Galaxy Quest is a film about equilibrium between love and parody; a movie made with less of the former and too much of the latter becomes a mean-spirited dunk on sci-fi fandom, and a movie made in the reverse becomes too much about fan service than honest-to-goodness storytelling. Dean Parisot, aided and abetted by writers David Howard and Robert Gordon, finds the perfect balance of both, and Galaxy Quest gets to be a straight-up sci-fi adventure flick that embraces its genre as enthusiastically as it pokes fun at its tropes. You don’t make that kind of affectionate self-satire without caring. It’s not like sci-fi fandom couldn’t stand a little dunking, after all, but only a real sci-fi fan knows where to draw the line. So Parisot, Howard and Gordon must be real sci-fi fans. Much as Galaxy Quest picks away at the conventions of its category, and at the people who worship sci-fi with as much reverence as the average Baptist praises Jesus, it’s built on an abiding fondness for Star Trek: For phasers, for warp drives, for teleportation, for holograms, for alien races exotic and bizarre, for every other damn cliché in the sci-fi playbook that makes us groan but which we know we couldn’t quite live without. (What’s a good sci-fi movie without a brash, macho commander who makes questionable strategic calls that somehow work anyway?) This one’s for the sci-fi fans. And if you’re not a sci-fi fan, then it might be the movie to make you into one. —Andy Crump

43. Captain Marvel (2019)
Directors: Anna Boden, Ryan Fleck


One thing Captain Marvel has going for it that Ant Man and the Wasp didn’t is that it gives us a lead character we can care about and (even more important) an actor (Brie Larson) who rises to the occasion. In many of these Marvel origin stories—and by my count, this is the eighth one since the original Iron Man—the movie goes through great pains to explain to us why we should care about this new character, why, with everything else we have to keep track of, we should readily agree to adding one more to the mix. Captain Marvel, like many MCU movies, sometimes labors under the weight of having to tell its own story while still connecting to the larger, ongoing saga, but it has no issues with justifying its main character: We see in her eyes, from the first second, what’s different about her. The movie has us on her side before she ever says a word. The film is otherwise entertaining and exhausting in the equal measures we have come to expect from modern Marvel movies—if you’ve seen one bad guy bent on galaxy domination, you’ve seen them all. You know the music, so it’s all about how they play the notes. Larson gets valuable support from Jackson and Ben Mendelsohn, still reliably Ben Mendelsohn even under layers of alien makeup, and the ’90s backdrop is at least a welcome changeup from the usual formula. But this movie isn’t about the supporting characters, or the setting, or even how well its big action set pieces play out. It’s all about whether or not they can sell this Captain Marvel as someone who, later, even the mighty Avengers can call to someday help them save the world. In Larson, they have a star who is more than up for the task. You’ve seen this movie before. But you haven’t seen her. —Will Leitch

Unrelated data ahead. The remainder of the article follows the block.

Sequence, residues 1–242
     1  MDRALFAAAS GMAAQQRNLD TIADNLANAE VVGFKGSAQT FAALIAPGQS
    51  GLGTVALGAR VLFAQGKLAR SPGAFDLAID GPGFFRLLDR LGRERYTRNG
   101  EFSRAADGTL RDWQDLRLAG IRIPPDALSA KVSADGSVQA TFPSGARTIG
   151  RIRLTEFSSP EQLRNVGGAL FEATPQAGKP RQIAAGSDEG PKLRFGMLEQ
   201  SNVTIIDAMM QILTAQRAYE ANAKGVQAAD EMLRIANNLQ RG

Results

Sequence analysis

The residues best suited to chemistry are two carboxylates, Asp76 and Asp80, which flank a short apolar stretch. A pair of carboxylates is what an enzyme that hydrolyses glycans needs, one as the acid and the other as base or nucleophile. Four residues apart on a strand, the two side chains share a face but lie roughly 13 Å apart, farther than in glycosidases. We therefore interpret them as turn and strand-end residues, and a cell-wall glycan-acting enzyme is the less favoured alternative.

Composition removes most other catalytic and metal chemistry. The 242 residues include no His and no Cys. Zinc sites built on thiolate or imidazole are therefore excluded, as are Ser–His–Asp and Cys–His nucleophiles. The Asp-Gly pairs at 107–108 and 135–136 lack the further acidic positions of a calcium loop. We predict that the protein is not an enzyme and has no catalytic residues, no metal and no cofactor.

42. The Hidden (1987)
Director: Jack Sholder


Though John Carpenter’s The Thing steeped the then-terrifyingly mysterious AIDS crisis in otherworldly horror five years before, The Hidden indulges in similar tropes and identical themes with blunter, no-less-pulpier mayhem. LA detective Thomas Beck (Michael Nouri) must reluctantly work with FBI Special Agent Gallagher (Kyle Maclachlan, pretty much playing a proto-Dale Cooper) to get to the bottom of a spate of violently incomprehensible murder sprees seducing otherwise normal, mild-mannered citizens—only to discover, when it’s much too late, that the culprit is an alien slug parasite passed orally from host to host, giving each unlucky husk superhuman vulnerability and a nihilistic mean streak. The sci-fi fare of the late ’80s too often succumbed to the cynicism of an overcommercialized zeitgeist, seeing in corporate America and the Reagan administration’s response to every social crisis the death knell of whatever good vibes speculative fiction once had to offer, but with The Hidden—violent and brutal in its own right—came, in the film’s final moments, a gesture of sacrifice and genuine compassion unusual for a genre flick of its ilk. Or, at least, that’s one way to interpret it. —Dom Sinacola